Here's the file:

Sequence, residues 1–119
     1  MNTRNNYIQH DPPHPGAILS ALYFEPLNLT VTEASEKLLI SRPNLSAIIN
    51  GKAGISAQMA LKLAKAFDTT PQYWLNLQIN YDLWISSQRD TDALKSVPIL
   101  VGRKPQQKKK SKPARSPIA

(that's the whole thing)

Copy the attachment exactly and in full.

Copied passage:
Sequence, residues 1–119
     1  MNTRNNYIQH DPPHPGAILS ALYFEPLNLT VTEASEKLLI SRPNLSAIIN
    51  GKAGISAQMA LKLAKAFDTT PQYWLNLQIN YDLWISSQRD TDALKSVPIL
   101  VGRKPQQKKK SKPARSPIA